Last week I announced my departure and many friends said nice, encouraging things on Twitter and here. Thank you. I’m sort of leaping into the abyss here, and it makes a huge difference to know I’m not just twisting in the wind.
Chicago and Denver were both cold and fun. I attended Chris Helm, Steve Citron-Pousty and Brian Timoney’s event JS.Geo. Peter Batty has a complete writeup, which doesn’t quite do justice to the absolute ubiquity of D3 at the conference. It was a good opportunity for me to finally/again get my head straight with D3 data joins with Seth and Aaron Ogle. I remain convinced that as D3’s primary feature, this is sadly under-documented. In Denver, my mustache repeatedly iced over. In Chicago, less so but it was still pretty cold.
I’m back now, and picking up a few projects.
Green Means Go is due for some thinking about individual counties. I’d like to create a single, printable view for each of 3000+ counties with some information about OSM coverage attached.
I’m starting to look at tiled data, D3 and WebGL together for the Nokia WebGL Maps. I’m super excited about the possibilities of shaders here, and need to get my head around tile-like loading of linear ArrayBuffers.
The Metro Extracts are overdue for an update, and I’d like to start doing these more regularly using OSM-US Foundation hardware. Some recent interest in the project suggests that I’ve been paying too little attention to it.
Some small potential consulting gigs, and general future planning.
On the last day of Baktun 13 of the Classical Mayan calendar, we held our annual holiday party. The next morning, we pushed the couches into the big room with the projector, screen and speakers, and spent most of a workday watching season three of Arrested Development and snacking on popcorn and lunch from Pancho Villa. It was the last day of the year, and my final day at Stamen.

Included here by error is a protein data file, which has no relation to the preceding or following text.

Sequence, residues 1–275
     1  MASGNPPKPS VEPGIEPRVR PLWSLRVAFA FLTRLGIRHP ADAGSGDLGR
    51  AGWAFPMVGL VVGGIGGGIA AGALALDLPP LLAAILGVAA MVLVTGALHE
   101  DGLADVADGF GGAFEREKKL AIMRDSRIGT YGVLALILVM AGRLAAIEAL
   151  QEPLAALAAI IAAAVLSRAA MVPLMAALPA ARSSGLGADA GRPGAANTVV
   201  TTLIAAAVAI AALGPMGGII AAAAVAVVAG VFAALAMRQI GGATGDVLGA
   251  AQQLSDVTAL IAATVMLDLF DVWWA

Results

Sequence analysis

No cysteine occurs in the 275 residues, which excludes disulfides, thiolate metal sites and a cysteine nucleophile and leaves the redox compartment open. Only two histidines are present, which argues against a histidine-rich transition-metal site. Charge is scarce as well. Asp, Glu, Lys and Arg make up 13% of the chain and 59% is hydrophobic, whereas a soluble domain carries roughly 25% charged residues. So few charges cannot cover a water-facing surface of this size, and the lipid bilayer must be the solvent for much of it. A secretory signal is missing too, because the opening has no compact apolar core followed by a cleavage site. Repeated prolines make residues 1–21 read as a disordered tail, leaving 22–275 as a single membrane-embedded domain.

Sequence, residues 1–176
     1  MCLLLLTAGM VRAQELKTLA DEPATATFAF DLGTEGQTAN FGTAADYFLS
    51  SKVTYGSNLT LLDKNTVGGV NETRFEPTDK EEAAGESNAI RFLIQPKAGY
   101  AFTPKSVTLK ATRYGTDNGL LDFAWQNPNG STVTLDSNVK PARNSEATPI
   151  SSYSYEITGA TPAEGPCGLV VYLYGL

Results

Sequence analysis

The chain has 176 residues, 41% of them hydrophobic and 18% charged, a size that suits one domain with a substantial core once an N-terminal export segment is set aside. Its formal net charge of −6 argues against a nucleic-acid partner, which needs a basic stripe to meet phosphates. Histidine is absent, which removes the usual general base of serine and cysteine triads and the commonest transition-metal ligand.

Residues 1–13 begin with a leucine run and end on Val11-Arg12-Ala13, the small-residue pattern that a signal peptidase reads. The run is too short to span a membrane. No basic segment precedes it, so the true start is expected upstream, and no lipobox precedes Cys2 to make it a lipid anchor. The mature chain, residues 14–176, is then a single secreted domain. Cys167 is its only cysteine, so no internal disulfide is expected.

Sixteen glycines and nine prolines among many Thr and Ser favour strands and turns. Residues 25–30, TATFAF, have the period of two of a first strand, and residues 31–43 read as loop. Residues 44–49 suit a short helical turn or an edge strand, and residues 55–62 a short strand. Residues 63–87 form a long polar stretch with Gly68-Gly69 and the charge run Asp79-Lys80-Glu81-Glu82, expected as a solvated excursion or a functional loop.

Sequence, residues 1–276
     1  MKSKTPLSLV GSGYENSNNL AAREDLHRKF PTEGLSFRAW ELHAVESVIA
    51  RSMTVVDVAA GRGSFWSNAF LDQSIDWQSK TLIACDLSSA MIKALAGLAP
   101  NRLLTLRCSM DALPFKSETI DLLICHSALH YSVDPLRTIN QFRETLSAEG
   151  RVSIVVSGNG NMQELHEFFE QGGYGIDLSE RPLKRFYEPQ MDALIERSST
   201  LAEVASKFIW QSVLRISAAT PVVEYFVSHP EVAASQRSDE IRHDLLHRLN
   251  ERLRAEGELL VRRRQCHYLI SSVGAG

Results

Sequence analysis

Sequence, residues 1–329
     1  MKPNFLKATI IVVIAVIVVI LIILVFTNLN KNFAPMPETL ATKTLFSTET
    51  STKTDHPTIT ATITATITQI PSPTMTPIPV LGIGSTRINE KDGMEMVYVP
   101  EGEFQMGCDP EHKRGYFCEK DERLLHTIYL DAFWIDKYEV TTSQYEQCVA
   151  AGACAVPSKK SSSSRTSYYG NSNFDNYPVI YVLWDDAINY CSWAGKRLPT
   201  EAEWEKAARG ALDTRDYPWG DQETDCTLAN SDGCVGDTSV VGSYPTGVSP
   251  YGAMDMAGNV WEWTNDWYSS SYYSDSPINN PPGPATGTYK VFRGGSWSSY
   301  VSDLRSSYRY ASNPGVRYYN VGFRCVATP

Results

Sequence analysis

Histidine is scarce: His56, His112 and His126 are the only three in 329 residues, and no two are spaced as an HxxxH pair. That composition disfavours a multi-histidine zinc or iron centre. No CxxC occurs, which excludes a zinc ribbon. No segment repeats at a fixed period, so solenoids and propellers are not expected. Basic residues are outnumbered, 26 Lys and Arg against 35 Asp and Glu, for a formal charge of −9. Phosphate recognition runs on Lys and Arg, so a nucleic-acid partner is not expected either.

Leaving is difficult. I’ve worked with Stamen and Eric Rodenbeck in particular for nine years. I’m sad to not be able to spend much time with new Stamens Mike Tahani and Beth Schechter, and I’m over the moon that Eric and Shawn have brought on Seth Fitzsimmons as my successor. Seth’s worked with us on projects in the past, knows us from the old office, and will fit right in.
In retrospect I’m shocked at how young I was when I joined. I’ve learned firsthand how a world-class design studio is run from one of the best creative directors in the industry, instigated, participated in or merely watched innumerable high-profile public research and client projects, and I’m proud to have seen us grow to a position of prominence and respect in the public’s perception of art and data. The work has never not been good, and my colleagues from over the years are some of my closest friends.
Still, nine years is a long-ass time.
It was like graduate school, art school, and business school all rolled into one and I feel ready to explore in some new directions. For the moment, that means catching up on things: sleep, books, hacking and design projects, exercise, regular blogging, and more. Soon, it will mean looking at new possibilities. For the moment, I don’t know what awaits me in the after but if you’re up for lunch I’m probably game.
Since State Of The Map in Portland, I’ve been applying simple raster methods to OpenStreetMap data to draw a picture of the current state of U.S. Government TIGER/Line data in the project. TIGER data is a street-level dataset of widely varying quality covering the whole of the United States, and much of OSM in this country is built on TIGER. OSM US Board member Martijn Van Exel explains, in his TIGER deserts post:
Back in 2007, we imported TIGER/Line data from the U.S. Census into OpenStreetMap. TIGER/Line was and is pretty crappy geodata, never meant to make pretty maps with, let alone do frivolous things like routing. But we did it anyway, because it gave us more or less complete base data for the U.S. to work with. …there’s lots of places where we haven’t been taking as good care of the data. Vast expanses of U.S. territory where the majority of the data in OSM is still TIGER as it was imported all those years ago. The TIGER deserts.
TIGER data has been a fantastic leg up for the U.S. map, but elsewhere in the world data imports are frowned upon. The german community in particular feels that imports are antithetical to local community mapping. The U.S. is very different from Europe in terms of population density and driving distances. As Toby Murray said in this message last year, the imbalance between mapper population and surface area between Kansas and Germany is potentially insurmountable:
It is a 9 hour drive from Topeka to Denver and I think you go past a total of 3 cities with a population of over 10,000. In fact, out of the 54 counties west of Wichita, only 7 have a population for the whole county of over 10,000. So while we might be able to start OSM communities in some of the larger cities, vast stretches of the country would remain completely empty.